One of the factors in the financial crisis of 2007-2009 that is mentioned too infrequently is the role of banking capital sufficiency standards and exactly how they were written. Folks have said that capital requirements were somehow deregulated or reduced. But in fact the intention had been to tighten them with the Basle II standards and US equivalents. The problem was not some notional deregulation, but in exactly how the regulation was written.

In effect, capital sufficiency standards declared that mortgage-backed securities and government bonds were “risk-free” in the sense that they were counted 100% of their book value in assessing capital sufficiency. Most other sorts of financial instruments and assets had to be discounted in making these calculations. This created a land rush by banks for mortgage-backed securities, since they tended to have better returns than government bonds and still counted as 100% safe.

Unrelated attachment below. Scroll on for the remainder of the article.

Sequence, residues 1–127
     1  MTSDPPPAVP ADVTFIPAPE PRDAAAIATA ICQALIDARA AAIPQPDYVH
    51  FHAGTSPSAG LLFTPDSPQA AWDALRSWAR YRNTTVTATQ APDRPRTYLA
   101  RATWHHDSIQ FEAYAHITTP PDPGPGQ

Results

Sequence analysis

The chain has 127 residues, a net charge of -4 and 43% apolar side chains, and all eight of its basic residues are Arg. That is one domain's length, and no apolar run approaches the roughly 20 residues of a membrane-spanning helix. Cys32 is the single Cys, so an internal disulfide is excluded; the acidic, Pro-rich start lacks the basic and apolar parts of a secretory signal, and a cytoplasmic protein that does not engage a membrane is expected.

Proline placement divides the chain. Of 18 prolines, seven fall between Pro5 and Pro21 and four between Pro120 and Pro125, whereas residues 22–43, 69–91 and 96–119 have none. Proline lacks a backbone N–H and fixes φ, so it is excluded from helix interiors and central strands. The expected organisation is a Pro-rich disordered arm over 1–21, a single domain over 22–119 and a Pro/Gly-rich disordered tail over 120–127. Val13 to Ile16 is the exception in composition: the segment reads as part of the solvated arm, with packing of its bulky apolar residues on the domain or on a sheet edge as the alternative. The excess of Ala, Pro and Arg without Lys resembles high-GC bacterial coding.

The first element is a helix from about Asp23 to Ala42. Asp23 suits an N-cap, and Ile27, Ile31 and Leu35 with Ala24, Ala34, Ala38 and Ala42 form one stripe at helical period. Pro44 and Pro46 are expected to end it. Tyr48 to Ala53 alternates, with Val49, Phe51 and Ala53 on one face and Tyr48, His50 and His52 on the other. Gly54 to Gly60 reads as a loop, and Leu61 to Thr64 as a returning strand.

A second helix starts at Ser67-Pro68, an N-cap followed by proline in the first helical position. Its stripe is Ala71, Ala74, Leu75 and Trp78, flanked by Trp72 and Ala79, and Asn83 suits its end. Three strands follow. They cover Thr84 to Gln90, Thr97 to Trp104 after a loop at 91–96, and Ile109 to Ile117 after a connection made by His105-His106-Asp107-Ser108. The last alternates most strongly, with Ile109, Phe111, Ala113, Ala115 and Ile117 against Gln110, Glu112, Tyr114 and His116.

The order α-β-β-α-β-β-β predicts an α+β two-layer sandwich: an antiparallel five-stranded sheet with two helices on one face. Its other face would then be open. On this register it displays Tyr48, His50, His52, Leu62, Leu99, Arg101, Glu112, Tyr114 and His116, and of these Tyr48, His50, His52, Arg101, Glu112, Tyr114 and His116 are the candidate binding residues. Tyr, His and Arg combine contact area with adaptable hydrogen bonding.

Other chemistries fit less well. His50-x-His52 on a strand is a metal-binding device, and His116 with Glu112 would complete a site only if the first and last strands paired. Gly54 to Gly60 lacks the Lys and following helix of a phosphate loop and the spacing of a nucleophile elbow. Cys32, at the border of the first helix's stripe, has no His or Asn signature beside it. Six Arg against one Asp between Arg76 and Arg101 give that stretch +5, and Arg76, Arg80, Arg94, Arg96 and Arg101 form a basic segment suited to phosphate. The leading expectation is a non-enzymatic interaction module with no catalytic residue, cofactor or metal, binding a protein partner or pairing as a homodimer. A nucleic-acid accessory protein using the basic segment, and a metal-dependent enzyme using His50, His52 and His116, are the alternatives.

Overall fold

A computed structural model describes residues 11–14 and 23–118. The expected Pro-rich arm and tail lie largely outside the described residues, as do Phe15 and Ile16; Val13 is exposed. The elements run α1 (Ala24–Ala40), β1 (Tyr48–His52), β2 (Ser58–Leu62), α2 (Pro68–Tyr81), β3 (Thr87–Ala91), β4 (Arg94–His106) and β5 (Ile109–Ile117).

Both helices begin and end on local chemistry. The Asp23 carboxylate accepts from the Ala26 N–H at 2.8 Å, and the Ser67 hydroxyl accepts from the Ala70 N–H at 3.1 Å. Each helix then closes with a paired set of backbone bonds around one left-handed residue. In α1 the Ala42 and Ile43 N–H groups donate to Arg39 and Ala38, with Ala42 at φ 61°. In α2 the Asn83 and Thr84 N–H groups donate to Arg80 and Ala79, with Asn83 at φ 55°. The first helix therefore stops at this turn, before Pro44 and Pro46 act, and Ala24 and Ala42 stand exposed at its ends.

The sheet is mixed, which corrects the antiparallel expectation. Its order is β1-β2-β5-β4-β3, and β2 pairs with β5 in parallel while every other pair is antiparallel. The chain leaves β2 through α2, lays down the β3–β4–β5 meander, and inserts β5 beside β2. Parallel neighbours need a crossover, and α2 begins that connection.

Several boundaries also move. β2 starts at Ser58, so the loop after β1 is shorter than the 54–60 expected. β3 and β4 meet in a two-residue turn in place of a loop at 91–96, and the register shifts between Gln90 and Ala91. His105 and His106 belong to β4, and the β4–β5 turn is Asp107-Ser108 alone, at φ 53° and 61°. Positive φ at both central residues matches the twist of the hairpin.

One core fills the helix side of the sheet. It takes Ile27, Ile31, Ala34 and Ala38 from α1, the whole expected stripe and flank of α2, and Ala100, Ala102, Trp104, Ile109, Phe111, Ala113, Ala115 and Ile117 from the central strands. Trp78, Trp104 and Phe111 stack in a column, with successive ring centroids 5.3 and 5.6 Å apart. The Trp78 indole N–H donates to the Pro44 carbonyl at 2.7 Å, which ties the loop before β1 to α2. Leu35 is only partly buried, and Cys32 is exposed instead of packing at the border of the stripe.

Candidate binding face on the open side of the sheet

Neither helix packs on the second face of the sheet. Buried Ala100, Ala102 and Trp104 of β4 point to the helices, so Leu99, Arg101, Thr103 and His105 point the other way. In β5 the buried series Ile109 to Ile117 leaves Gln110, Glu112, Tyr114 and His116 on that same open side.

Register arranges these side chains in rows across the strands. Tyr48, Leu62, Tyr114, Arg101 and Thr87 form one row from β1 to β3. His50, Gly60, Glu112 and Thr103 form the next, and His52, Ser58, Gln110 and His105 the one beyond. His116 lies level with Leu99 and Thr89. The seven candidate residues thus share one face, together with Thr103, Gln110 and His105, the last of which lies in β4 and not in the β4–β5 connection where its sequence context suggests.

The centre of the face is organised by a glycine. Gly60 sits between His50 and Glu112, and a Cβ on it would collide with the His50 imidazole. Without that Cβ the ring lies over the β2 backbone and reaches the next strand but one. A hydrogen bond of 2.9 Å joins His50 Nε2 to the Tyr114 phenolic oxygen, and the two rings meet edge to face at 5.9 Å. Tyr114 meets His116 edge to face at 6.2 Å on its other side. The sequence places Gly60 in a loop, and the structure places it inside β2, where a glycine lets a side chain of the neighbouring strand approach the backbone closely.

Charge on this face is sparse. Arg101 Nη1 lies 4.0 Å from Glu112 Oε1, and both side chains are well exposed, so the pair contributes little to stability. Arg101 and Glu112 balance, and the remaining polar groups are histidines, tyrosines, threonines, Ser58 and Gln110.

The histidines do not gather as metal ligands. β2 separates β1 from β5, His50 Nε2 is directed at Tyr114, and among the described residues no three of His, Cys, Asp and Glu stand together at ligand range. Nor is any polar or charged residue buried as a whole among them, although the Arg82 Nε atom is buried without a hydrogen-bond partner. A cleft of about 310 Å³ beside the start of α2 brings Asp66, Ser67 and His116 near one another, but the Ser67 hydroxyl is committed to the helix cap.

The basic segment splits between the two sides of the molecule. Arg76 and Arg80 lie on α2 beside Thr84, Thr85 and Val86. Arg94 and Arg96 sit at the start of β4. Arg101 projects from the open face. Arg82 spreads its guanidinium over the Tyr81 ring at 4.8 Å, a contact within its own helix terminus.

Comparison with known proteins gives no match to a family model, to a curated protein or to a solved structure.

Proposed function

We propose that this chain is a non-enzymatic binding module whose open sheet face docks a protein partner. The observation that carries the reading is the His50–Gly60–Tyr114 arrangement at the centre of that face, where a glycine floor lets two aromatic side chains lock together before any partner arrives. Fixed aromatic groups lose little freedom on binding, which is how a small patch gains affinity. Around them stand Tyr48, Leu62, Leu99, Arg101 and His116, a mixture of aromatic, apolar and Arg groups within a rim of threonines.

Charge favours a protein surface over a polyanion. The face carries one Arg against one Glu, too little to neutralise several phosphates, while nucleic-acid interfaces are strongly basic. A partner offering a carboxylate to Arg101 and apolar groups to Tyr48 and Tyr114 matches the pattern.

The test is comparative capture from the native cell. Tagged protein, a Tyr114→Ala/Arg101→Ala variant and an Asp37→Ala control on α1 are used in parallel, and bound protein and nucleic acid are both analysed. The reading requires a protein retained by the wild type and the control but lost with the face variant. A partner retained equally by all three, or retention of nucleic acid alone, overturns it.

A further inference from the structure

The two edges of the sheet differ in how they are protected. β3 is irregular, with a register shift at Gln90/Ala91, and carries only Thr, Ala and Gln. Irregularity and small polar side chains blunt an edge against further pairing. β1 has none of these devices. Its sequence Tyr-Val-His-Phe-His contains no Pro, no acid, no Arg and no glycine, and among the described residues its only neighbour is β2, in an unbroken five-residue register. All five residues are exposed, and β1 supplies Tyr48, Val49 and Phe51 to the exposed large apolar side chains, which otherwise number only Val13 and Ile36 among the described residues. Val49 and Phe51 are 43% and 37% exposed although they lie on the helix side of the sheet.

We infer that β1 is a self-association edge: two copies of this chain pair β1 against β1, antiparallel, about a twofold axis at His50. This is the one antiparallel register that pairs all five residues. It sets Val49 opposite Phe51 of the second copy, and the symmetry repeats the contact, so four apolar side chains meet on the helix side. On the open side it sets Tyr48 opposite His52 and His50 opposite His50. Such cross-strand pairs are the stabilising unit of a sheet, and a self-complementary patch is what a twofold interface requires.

Without the regulation, one might imagine banks to have a risk-reward tradeoff in a portfolio of more and less risky assets. But the capital standards created a new decision rule: find the highest returning assets that could still count for 100%. They also helped create what in biology we might call a mono-culture. One might expect banks to have varied investment choices and favorites, such that a problem in one class of asset would affect some but not all banks. Regulations helped create a mono-culture where all banks had essentially the same portfolio stuffed with the same one or two types of assets. When just one class of asset sank, the whole industry went into the tank.

Well, we found out that mortgage-backed securities were not in fact risk-free, and many banks and other financial institutions found they had a huge hole blown in their capital.

I remember having all this explained to me at the time, although I do not now recall who by. I do recall the word “Basel” coming up a lot.

My title above is in the past tense, but I presume problems like this have since got worse rather than better. What will be the dates of the next financial crisis, I wonder?

The BBC at its very worst on the issue of freedom of expression